This was not seen in pregnant rats given placebo (water) or unoxidised (fresh) fish oil.
"The findings have been interpreted differently by us as the researchers, the fish oil industry, the Government (Ministry of Primary Industries) and experts in the field leading to different messages to pregnant women," the two researchers say.
They felt it was time to "lay out the facts to empower consumers, particularly pregnant women, so that they may decide whether or not to take omega-3 fish oil capsules".
"Importantly this discussion relates to fish oil capsules and not fresh fish, the recommended way to achieve higher omega-3 levels."
Here, they list five facts about the study.
Fact 1: Omega-3 fish oil capsules taken by women during pregnancy has not been shown to improve intellectual outcome of their babies.
There are now several large studies in which mothers took omega-3 fish oil capsules from early pregnancy and there was no improvement in intellectual outcome in their offspring when assessed in early or mid-childhood.
Fact 2: Multiple studies by independent researchers from around the world have shown that fish oil capsules tested are frequently highly oxidised (to beyond recommended levels) at the time of purchase.
There are now five peer reviewed published studies conducted in five countries (our earlier study in NZ, USA, Canada, South Africa and most recently Finland) by research groups independent of the fish oil industry that all show the same pattern.
Most of the retail omega-3 fish oil capsules tested were oxidised usually to levels beyond that recommended.
Clearly there is an international issue with the quality of fish oils sold to consumers.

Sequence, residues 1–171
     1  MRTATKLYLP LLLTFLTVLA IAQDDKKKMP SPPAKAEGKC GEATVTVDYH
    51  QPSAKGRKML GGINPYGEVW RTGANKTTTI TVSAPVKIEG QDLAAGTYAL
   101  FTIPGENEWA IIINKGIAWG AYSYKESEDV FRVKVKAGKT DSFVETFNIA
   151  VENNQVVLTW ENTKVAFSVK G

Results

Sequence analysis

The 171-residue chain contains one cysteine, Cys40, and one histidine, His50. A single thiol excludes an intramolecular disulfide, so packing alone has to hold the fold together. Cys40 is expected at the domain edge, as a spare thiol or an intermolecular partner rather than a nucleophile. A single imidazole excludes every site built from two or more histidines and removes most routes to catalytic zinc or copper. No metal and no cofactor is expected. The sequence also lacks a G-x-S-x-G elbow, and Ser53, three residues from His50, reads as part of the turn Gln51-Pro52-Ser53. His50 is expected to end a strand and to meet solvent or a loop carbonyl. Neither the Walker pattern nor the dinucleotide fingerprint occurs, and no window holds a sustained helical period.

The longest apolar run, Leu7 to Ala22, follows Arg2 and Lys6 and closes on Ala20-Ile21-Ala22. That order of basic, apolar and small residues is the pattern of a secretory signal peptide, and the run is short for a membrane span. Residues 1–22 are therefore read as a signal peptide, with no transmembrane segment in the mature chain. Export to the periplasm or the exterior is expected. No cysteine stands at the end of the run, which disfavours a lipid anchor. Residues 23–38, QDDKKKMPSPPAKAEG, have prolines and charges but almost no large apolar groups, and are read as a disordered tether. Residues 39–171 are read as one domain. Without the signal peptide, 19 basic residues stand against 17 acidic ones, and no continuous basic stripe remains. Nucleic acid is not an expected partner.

What this means is that in New Zealand, at the time of capsule purchase, it is not possible for a consumer to know whether fish oils are oxidised or not.
Fact 3: Highly oxidised fish oil given to rats throughout pregnancy led to a 30 per cent death rate in the rat babies by the second day of life.
In this study fish oil was oxidised in a controlled and consistent level so that all rat mothers were treated in the same way.
The fish oil was oxidised to twice the oxidation seen in the most highly oxidised products available for sale in New Zealand when we tested oxidation levels of all available omega-3 fish oil capsules.
We did this to ensure we would capture the full range of possibly oxidised fish oil available for sale.
Importantly we used a highly respected method to measure oxidation that is published in the European Pharmacopoeia.
This method is recommended by the Australian Therapeutic Goods Administration, the World Health Organisation and the Food and Agriculture Organisation of the United Nations.
Fact 4: A study in which pregnant women are treated with oxidised omega-3 fish oil capsules to determine whether there are harmful effects on mother or baby will never be conducted.
No such study has ever been conducted and nor will it.
It would be completely unethical to conduct a study in humans in which the underlying reason to do the study is to determine whether oxidised fish oil is harmful to mother and baby.
What we can learn about the effects of oxidised fish oil in pregnancy will be limited to animal studies.
Inevitably this will leave women having to make a decision about whether to take fish oil capsules in pregnancy based upon animal studies which are not directly translatable to humans.
Fact 5: Omega-3 fish oil manufacturers in New Zealand do not perform independent oxidation testing of each batch of capsules and publicise these results on the bottle.
This simple measure would inform consumers who wish to buy omega-3 fish oils that the product is not oxidised.
This is a reasonable consumer expectation.
This could be achieved either voluntarily by manufacturers or alternatively imposed by Government (the Ministry of Primary Industry).